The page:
|Edgar Allan Poe|
“A Dream within a Dream,” a poem by Edgar Allan Poe, published in 1849, is a conversation poem: a farewell to a beloved and concurrence with their assertion―the author agrees that reality we see or seem has been a dream. Those memories with his beloved were happy for the author is sad and lamenting as he weeps and weeps the passing of those memories or dreams to time. The “pitiless waves” is an analogy for the cruel passage of time (22). The question―was our time together a reality or dream … hope flies, night turns to day, visions become none, and sand creeps? The author asks God to intervene: “O God! Can I not save (21)/ ‘One’ from the pitiless waves?” (22) The passage of dreams is described as violent, “a surf-tormented shore” (13), and it makes the author “weep” (18). The dreams lost are compared to “grains of golden sand” (15). The “dream within a dream” are memories as is seen or seems. The dream as it seems is an internal for the author, while the dream as he sees is external.
|De Pereda, Antonio. 1655.|
|Füssli, Johann Heinrich. 1802.|
This poem is Gothic. Gothic poems are characterized as extremely emotional, inherently sublime, and disturbing in atmosphere. They are psychologically anxious, mysterious and dark caused by frustration, despair, madness, and death. Those characterizations are presented in two lines: “O God! Can I not save (21) / ‘One’ from the pitiless waves?” (22) Extreme emotion, frustration, despair and fear of death, is present when the author cries, “O God!” (21). Awe inherent in the sublime is present when the author realizes he cannot “save (21) / ‘One’” (22). The atmosphere is disturbing when the author refers to the waves as “pitiless” (22). The author identifies his psychological anxiety when he says the memories cannot be saved not even “One” (22). Mystery and darkness appears when the author cries, “O God!” (21) Madness and death is present when the author realizes he cannot save even one reality, but time will take it away like the “pitiless wave” (22). The author cries to a supernatural being is desperate with psychological anxiety, for he cannot save one memory, the waves take on personification for being pitiless: they are without regard for his desires. Like the grains of golden sand life and life’s golden memories slip through his fingers with the passage of time, much like waves eroding the sand on a beach.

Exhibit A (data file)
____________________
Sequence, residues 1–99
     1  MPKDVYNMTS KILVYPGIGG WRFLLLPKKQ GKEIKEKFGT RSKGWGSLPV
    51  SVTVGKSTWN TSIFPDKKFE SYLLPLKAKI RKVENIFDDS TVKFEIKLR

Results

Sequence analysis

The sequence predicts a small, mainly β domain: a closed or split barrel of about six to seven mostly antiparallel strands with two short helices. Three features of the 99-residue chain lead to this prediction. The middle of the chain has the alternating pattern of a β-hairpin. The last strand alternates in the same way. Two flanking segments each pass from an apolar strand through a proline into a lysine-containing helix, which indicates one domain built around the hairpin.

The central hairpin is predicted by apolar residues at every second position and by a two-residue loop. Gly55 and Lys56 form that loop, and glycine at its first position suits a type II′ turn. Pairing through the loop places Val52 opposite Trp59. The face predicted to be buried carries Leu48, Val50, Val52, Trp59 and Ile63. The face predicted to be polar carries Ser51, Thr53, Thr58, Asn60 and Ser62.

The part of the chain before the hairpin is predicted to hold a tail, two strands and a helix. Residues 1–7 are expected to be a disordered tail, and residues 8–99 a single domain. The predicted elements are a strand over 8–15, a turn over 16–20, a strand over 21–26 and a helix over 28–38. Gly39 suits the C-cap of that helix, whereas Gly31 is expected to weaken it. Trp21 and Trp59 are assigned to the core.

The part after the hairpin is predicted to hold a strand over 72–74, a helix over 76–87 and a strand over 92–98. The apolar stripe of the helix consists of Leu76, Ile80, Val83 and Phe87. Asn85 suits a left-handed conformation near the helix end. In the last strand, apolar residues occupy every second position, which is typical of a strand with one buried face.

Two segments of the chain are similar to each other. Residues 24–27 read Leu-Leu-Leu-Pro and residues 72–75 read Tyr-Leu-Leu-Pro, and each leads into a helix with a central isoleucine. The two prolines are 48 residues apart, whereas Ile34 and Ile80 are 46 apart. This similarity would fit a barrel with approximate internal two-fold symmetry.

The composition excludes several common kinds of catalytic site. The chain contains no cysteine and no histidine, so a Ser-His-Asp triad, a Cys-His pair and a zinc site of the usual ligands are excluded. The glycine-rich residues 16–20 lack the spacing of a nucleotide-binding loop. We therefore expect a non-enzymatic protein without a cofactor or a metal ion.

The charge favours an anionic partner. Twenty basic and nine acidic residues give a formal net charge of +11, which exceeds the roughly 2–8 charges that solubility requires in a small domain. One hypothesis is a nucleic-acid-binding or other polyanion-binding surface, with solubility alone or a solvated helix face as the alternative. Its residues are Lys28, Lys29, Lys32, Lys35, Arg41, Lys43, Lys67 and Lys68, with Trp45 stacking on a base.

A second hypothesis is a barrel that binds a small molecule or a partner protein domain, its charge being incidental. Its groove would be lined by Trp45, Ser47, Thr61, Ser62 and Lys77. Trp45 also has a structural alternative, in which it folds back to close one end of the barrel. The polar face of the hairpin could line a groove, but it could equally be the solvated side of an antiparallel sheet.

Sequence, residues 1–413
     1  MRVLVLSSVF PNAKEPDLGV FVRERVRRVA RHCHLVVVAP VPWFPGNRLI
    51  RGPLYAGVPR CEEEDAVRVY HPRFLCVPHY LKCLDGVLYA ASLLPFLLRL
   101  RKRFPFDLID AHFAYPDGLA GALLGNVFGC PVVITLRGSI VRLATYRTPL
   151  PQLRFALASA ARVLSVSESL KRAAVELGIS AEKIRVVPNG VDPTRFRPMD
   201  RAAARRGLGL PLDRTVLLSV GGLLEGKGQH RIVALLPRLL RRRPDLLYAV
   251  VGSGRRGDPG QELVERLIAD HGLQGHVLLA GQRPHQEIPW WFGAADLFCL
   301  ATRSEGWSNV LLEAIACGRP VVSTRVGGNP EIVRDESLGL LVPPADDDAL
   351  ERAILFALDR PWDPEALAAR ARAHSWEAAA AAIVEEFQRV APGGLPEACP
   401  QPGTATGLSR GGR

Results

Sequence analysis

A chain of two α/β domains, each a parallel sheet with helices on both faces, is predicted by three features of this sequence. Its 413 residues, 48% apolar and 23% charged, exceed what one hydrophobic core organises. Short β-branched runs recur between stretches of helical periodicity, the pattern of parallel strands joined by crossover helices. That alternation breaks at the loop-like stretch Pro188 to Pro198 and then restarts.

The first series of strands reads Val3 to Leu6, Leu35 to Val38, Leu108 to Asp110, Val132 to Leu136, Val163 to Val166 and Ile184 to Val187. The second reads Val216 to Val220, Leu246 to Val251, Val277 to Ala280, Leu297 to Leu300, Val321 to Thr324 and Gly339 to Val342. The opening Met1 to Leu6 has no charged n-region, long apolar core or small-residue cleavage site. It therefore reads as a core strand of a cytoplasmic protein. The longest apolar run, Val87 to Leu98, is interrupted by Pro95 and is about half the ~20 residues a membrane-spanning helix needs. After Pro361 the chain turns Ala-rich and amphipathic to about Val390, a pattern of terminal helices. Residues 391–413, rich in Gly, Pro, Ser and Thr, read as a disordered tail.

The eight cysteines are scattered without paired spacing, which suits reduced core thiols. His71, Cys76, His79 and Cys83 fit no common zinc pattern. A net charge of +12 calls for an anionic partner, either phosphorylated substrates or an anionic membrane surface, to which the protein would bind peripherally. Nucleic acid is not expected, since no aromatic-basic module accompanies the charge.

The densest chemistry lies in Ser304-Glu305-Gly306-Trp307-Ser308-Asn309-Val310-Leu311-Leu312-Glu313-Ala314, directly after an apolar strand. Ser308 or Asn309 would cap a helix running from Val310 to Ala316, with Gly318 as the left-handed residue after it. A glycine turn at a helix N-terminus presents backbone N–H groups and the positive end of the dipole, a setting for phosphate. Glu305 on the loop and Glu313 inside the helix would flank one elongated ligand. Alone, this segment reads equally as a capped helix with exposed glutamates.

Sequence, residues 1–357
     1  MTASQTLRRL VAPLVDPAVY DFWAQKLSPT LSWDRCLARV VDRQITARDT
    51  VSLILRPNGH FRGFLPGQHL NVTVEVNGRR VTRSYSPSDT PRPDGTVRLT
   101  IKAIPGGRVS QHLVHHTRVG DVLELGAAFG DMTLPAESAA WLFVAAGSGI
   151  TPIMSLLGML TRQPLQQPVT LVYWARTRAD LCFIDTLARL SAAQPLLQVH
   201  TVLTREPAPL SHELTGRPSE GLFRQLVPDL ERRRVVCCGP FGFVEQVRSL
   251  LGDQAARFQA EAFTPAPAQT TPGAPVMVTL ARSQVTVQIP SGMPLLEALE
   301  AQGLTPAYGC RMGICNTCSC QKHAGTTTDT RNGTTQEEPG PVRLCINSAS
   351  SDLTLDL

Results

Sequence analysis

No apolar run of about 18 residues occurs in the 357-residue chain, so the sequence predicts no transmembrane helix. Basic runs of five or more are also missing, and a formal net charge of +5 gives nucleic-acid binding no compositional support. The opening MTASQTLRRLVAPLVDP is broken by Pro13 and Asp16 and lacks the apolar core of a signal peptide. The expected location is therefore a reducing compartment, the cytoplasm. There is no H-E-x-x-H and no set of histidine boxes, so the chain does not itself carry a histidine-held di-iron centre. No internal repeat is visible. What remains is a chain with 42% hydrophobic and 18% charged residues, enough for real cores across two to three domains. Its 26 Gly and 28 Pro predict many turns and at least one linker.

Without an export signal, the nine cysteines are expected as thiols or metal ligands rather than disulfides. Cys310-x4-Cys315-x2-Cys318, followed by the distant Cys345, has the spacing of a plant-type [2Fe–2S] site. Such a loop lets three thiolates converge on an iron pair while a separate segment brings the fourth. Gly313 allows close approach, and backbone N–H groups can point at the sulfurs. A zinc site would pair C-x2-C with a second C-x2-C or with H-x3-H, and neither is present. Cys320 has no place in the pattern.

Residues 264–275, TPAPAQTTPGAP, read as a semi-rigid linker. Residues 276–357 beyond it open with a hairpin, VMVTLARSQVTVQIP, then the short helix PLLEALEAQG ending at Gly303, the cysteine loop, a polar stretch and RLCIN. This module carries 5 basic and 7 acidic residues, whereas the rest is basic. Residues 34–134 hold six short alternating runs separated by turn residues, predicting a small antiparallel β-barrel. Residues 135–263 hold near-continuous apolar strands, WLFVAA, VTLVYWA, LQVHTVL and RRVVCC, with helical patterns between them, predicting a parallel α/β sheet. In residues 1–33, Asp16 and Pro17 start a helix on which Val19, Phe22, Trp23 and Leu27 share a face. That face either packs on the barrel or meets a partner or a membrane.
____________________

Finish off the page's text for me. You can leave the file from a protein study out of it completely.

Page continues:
|Briullow, Karl. 19th century.|
The second stanza is lines twelve through twenty-two. It is written in the first person coupled with verbs: “I stand” (12), “I hold” (14), “I weep” (18), and “can I” (21). The author stands, holds, weeps and then begs the question―can he not save one memory from the passage of time? How does he address this question? He stands amid a violent shore. What does the author try to hold? He tries to hold “golden sand” (15). What happens to the sand? The sand creeps “through [his] fingers” (17). What happens when he loses those memories? He weeps. What can the author do about this loss? He calls out to God to save just one precious memory from the passage of time.
|van Gogh, Vincent. 1888.|
|van Gogh, Vincent. 1890.|
|van Gogh, Vincent. 1882.|
|Munch, Edvard. 1882.|
“A Dream within a Dream,” by Edgar Allen Poe
(1) Take this kiss upon the brow!
(2) And, in parting from you now,
(3) Thus much let me avow―
(4) You are not wrong, you deem
(5) That my days have been a dream:
(6) Yet if hope has flown away
(7) In a night, or in a day,
(8) In a vision or in none,
(9) Is it therefore the less ‘gone’?
(10) ‘All’ that we see or seem
(11) Is but a dream within a dream.
(13) Of a surf-tormented shore,
(14) And I hold within my hand
(15) Grains of the golden sand
(16) How few! Yet how they creep
(17) Through my fingers to the deep
(18) While I weep―while I weep!
(19) O God! Can I not grasp
(20) Them with a tighter clasp?
(21) O God! Can I not save
(22) ‘One’ from the pitiless wave?
(23) Is ‘all’ that we see or seem
(24) But a dream within a dream?
#1. Edgar Allan Poe, portrait.
#2. De Pereda, Antonio. “The Knight’s Dream. Oil on Canvas. Royal Academy of Fine Arts of San Fernado. Calle de Alcalá, Madrid, Spain. 1655.
#3. Füssli, Johann Heinrich. “Nachtmahr” (Nightmare). Oil on Canvas. Freies Deutsches Hochstift, Goethemuseum. Frankfurt am Main, Germany. 1802.
#4. Briullow, Karl (1799-1852). “Nun’s Dream.” Oil on Canvas. 19th century.
#5. van Gogh, Vincent. “Café Terrace at Night.” Oil on Canvas. Kröller-Müller Museum. Otterlo, Netherlands. 1888.
#6. van Gogh, Vincent. “On the Threshold of Eternity.” Oil on Canvas. Kröller-Müller Museum. Otterlo, Netherlands. 1890.
#7. van Gogh, Vincent. “Sorrowful Old Man.” Lithograph. Kröller-Müller Museum. Otterlo, Netherlands. 1892.
#8. Munch, Edvard. “The Scream.” The National Gallery. Oslo, Norway, 1893.
#9. Edgar Allan Poe, signature.